FPA and MedPartners Bankruptcies Raise New Concerns Over Claims-Made Malpractice Insurance
By Richard "Rick" Mortimer, Jr. - HealthCare Professionals' Insurance Services
Published in Cost & Quality Quarterly Journal - June 1999
Physicians employed by managed health care organizations that are struggling to survive financially are at risk of losing more than just their jobs. They may lose their entire life's savings!
Many health care industry observers are predicting that the recent bankruptcies of FPA Management, Inc. and MedPartners Provider Network, Inc. of California are just the beginning of an overdue shakeout of managed care organizations. Fearful of losing market shares, MCO administrators have been reluctant to increase their benefit plan premiums. Instead, many are struggling to earn a profit by reducing overhead expenses and cutting back on plan benefits and some say patient services. Spurred by mounting complaints from patients and physicians alike, regulators and legislators throughout the country are closely monitoring all health care plans and stepping in to take control of those organizations on the brink of financial failure. The storm flags have been hoisted and physicians employed by MCOs are urged to take heed.
California's Governor Gray Davis is expected to take responsibility for regulating the 116 MCOs in California away from the State's Department of Corporations. Patients' rights groups and lawmakers, argue that while the DOC or the Department of Insurance may be able to monitor financial operations, neither have the medical expertise required to adequately supervise MCOs. Advocates of change are encouraging Davis to create a new commission that will have an advisory panel composed of members representing doctors, insurers, patients and regulators.
Because MCOs typically assume responsibility for protecting their employed physicians against malpractice claims, one of the most critical questions facing those employed by bankrupt MCOs is how well they will be protected. Despite the determined efforts of lawmakers to protect the interests of MCO patients and physicians alike, it is a bit na´ve to believe that regulators or bankruptcy trustees will be able to provide any assurances adequate funds will be available to settle malpractice claims. If there isn't enough money to pay malpractice insurance premiums or fund self-insured plans, injured patients will find the compensation bag empty. Their only source of recovery will be their treating physicians' personal assets.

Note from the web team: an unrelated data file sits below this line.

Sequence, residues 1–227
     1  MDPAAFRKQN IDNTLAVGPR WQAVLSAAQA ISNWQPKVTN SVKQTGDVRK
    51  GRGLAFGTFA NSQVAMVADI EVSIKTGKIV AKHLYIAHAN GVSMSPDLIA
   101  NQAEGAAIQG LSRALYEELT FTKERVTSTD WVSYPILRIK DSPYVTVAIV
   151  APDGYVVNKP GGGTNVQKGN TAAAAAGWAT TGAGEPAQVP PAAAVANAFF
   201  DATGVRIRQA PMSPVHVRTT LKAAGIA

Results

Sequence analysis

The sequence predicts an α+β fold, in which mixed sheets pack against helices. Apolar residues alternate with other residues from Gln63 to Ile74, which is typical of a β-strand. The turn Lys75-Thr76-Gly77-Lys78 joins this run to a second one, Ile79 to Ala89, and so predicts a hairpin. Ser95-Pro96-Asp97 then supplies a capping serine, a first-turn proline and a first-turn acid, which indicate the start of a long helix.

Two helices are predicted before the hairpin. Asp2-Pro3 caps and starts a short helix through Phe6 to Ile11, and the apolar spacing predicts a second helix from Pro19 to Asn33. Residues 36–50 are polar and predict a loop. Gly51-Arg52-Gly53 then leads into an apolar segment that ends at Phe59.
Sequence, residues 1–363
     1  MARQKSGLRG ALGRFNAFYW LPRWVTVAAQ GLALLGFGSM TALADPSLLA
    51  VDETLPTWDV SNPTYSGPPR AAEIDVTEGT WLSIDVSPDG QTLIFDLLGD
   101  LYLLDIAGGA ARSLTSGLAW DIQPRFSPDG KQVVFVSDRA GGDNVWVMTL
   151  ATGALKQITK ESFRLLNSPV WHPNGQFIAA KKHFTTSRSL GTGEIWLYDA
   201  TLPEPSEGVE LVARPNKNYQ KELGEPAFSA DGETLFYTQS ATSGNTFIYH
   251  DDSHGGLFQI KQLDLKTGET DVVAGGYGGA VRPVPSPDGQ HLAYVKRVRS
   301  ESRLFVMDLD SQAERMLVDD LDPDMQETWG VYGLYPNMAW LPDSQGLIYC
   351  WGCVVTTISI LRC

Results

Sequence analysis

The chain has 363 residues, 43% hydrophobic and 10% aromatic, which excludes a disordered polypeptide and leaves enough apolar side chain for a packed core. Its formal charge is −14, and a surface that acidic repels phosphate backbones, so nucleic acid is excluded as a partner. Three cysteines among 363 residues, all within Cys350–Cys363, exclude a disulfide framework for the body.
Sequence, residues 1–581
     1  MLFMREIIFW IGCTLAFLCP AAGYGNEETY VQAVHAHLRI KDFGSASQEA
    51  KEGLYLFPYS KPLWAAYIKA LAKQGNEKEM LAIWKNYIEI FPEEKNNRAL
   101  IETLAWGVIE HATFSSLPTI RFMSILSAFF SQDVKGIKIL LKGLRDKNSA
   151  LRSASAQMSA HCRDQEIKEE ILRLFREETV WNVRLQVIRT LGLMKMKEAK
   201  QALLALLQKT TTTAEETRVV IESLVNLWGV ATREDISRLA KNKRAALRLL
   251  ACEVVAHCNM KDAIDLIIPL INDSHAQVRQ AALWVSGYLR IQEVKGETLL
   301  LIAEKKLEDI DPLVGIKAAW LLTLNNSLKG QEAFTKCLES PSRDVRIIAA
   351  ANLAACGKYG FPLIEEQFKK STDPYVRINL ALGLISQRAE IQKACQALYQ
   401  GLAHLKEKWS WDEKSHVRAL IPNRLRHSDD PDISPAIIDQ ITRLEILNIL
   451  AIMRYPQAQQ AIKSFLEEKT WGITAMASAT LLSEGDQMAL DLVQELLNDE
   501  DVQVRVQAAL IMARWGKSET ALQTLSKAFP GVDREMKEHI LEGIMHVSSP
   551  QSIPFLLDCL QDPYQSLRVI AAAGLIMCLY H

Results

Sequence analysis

Before the malpractice insurance crisis of 1975-76 and the introduction of the "claims-made" policy form, physicians had little to worry about after they paid their malpractice insurance premiums. They had the security of knowing their "occurrence" policies would protect against claims filed long after their policies had expired by patients they treated while their policies were in effect. Unfortunately, insurance actuaries had not anticipated the spiraling increases in frequency and severity of claims that in the early 1970s began to drown underwriters in pools of red ink. The crisis developed when carriers reacted by either withdrawing their policies from the marketplace or increasing their premiums beyond affordability.
Physicians throughout the country solved the availability crisis by forming their own "not for profit" insurance companies, disparagingly referred to by the commercial carriers they replaced as "bedpan mutuals". The physician owned companies forestalled the affordability issue by only offering claims-made policies. Unlike the occurrence form which requires carriers to charge enough premium in each policy year to pay for all claims incurred during the year regardless of when reported, premiums for claims-made policies are conceptually computed on a pay as you go basis. Underwriters need only collect enough premiums to pay claims that are reported during the policy period. Typically, the premium for a first year claims-made policy will only be about 20% of the premium required for an occurrence policy. That's the good news!
The bad news comes in bits and pieces. Remember, claims-made policies are designed to provide protection against claims that arise out of services performed by the insured after a specified date, commonly referred to as the "retroactive date", and that are asserted prior to a policy's expiration date. The first bit of bad news is that premiums automatically increase incrementally each additional year following the retroactive date. Five to seven years after the retroactive date the rates "mature" and the premium charged will only be marginally less than that that of an occurrence policy.
The second piece of bad news comes when claims-made coverage is either involuntarily not renewed with the same carrier or is dropped altogether. To assure no gap in protection occurs between a policyholder's original retroactive date and the effective date of the replacement carrier's policy, a claims-made insured generally has two choices. By regulatory fiat, underwriters must offer their insured the right to purchase an endorsement or separate policy that extends the amount of time allowed to report claims after the policy's termination date. Therefore, the policyholder may elect to purchase "tail" coverage from the retiring carrier, or buy "prior acts" coverage from the new carrier. When policyholders are forced to change carriers, they must weigh the cost of purchasing tail coverage against prior acts. Regardless of the choice, their insurance costs typically increase significantly. Such unexpected increases can have a devastating effect upon MCOs already strained financially. The greatest insult occurs when the MCO must be liquidated and there isn't enough money to pay for tail coverage or supplement its self-insured fund to pay claims reported in the future.